A reconstruction of global hydroclimate and dynamical variables over the Common Era

Nathan J. Steiger*, Jason E. Smerdon, Edward R. Cook, Benjamin I. Cook

*Corresponding author for this work

Research output: Contribution to journalArticlepeer-review

94 Scopus citations


Hydroclimate extremes critically affect human and natural systems, but there remain many unanswered questions about their causes and how to interpret their dynamics in the past and in climate change projections. These uncertainties are due, in part, to the lack of long-term, spatially resolved hydroclimate reconstructions and information on the underlying physical drivers for many regions. Here we present the first global reconstructions of hydroclimate and associated climate dynamical variables over the past two thousand years. We use a data assimilation approach tailored to reconstruct hydroclimate that optimally combines 2,978 paleoclimate proxy-data time series with the physical constraints of an atmosphere - ocean climate model. The global reconstructions are annually or seasonally resolved and include two spatiotemporal drought indices, near-surface air temperature, an index of North Atlantic variability, the location of the intertropical convergence zone, and monthly Niño indices. This database, called the Paleo Hydrodynamics Data Assimilation product (PHYDA), will provide a critical new platform for investigating the causes of past climate variability and extremes, while informing interpretations of future hydroclimate projections.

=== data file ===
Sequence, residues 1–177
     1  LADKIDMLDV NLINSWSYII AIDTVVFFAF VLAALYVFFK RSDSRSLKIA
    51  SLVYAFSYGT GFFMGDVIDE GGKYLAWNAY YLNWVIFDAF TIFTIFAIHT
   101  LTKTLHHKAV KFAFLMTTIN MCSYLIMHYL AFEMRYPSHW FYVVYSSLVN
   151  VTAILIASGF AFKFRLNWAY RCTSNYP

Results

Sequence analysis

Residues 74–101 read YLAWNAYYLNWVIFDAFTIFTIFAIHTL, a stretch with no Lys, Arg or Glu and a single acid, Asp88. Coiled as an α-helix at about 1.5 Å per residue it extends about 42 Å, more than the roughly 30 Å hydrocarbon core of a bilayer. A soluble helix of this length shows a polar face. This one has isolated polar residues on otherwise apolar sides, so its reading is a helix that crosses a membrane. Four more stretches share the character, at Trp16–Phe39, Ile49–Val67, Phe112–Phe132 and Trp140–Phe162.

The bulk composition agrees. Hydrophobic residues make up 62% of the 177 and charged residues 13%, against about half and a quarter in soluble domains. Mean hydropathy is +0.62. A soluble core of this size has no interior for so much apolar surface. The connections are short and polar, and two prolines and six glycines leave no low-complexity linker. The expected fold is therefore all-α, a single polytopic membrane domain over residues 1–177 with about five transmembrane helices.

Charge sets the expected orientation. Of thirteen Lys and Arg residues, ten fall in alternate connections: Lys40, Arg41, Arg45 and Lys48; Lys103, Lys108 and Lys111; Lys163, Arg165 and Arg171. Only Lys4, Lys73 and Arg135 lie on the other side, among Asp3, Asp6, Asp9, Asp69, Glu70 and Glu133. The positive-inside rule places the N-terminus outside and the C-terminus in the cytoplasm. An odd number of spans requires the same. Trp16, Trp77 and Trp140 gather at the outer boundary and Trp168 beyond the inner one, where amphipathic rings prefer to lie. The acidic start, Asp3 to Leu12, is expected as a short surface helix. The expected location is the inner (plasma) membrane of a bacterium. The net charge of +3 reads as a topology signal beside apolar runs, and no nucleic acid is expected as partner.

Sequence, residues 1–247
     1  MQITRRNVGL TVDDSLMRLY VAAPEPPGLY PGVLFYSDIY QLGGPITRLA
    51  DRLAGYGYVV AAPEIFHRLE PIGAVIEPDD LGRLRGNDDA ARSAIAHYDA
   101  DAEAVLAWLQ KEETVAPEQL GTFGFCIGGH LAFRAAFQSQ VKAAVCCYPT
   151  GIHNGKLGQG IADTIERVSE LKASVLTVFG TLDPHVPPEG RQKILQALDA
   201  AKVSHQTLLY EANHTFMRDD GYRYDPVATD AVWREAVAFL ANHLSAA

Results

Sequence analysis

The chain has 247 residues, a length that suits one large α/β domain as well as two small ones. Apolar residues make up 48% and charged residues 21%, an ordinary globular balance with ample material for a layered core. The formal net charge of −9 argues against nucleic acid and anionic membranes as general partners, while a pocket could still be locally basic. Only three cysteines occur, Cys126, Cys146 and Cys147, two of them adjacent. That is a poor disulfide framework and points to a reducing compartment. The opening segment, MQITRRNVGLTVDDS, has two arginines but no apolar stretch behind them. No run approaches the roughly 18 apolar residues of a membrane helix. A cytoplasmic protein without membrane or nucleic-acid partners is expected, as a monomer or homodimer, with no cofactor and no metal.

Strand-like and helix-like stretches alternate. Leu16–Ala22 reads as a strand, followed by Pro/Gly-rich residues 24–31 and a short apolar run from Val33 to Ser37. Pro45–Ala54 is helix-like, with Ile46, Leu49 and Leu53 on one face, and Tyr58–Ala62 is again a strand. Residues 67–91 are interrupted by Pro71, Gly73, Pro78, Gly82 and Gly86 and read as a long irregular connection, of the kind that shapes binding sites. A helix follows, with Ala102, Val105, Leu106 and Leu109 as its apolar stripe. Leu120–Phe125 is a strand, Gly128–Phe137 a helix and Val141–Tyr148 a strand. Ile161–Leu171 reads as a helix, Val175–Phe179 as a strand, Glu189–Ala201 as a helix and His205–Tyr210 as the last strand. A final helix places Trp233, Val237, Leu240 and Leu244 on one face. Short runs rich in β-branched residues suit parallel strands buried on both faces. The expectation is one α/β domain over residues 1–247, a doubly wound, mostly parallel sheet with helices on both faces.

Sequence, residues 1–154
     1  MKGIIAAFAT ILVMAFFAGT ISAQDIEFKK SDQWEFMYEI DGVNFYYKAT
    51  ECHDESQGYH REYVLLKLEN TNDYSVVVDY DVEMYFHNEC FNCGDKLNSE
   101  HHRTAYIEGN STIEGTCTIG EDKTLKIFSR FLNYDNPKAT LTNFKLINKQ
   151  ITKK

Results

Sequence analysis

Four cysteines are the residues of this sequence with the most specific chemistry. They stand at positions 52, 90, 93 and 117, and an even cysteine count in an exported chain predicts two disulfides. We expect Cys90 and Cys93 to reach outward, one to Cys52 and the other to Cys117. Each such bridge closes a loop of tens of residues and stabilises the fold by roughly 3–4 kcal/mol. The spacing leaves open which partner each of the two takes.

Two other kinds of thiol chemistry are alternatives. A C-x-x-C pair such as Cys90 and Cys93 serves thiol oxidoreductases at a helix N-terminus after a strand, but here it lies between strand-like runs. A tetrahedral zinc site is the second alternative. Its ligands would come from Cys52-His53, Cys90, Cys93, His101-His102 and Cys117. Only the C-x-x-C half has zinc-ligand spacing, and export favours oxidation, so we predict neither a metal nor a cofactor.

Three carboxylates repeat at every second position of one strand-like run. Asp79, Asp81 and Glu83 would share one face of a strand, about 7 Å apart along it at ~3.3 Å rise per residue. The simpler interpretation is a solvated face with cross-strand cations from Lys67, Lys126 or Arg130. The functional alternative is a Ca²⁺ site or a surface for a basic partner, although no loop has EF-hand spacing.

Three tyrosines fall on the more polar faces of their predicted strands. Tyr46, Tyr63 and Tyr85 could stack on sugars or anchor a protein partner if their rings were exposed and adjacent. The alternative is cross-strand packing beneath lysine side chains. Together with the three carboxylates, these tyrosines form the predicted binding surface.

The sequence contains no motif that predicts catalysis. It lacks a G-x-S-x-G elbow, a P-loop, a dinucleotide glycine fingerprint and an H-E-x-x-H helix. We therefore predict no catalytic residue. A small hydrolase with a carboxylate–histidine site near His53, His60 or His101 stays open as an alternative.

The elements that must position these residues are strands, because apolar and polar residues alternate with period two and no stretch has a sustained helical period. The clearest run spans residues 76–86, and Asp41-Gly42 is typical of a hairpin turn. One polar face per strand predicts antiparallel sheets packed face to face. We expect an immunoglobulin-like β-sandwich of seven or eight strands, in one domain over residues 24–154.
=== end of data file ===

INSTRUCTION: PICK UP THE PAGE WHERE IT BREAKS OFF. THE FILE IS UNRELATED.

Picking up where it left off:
Original languageAmerican English
Article number180086
JournalScientific data
StatePublished - 22 May 2018
Externally publishedYes

Bibliographical note

Funding Information:
We acknowledge the CESM1 (CAM5) Last Millennium Ensemble Community Project and the supercomputing resources provided by NSF/CISL/Yellowstone. This work was supported by the NOAA Climate and Global Change Postdoctoral Fellowship Program administered by UCAR's Visiting Scientist Programs. This work was also supported in part by the National Science Foundation under grants, AGS-1243204, AGS-1401400, AGS-1602581, AGS-1602920, and OISE-1743738. LDEO contribution number 8214. We also thank Mark Cane, Alexey Kaplan, and A. Park Williams for very helpful discussions in the development of this product.

Publisher Copyright:
© The Author(s) 2018.


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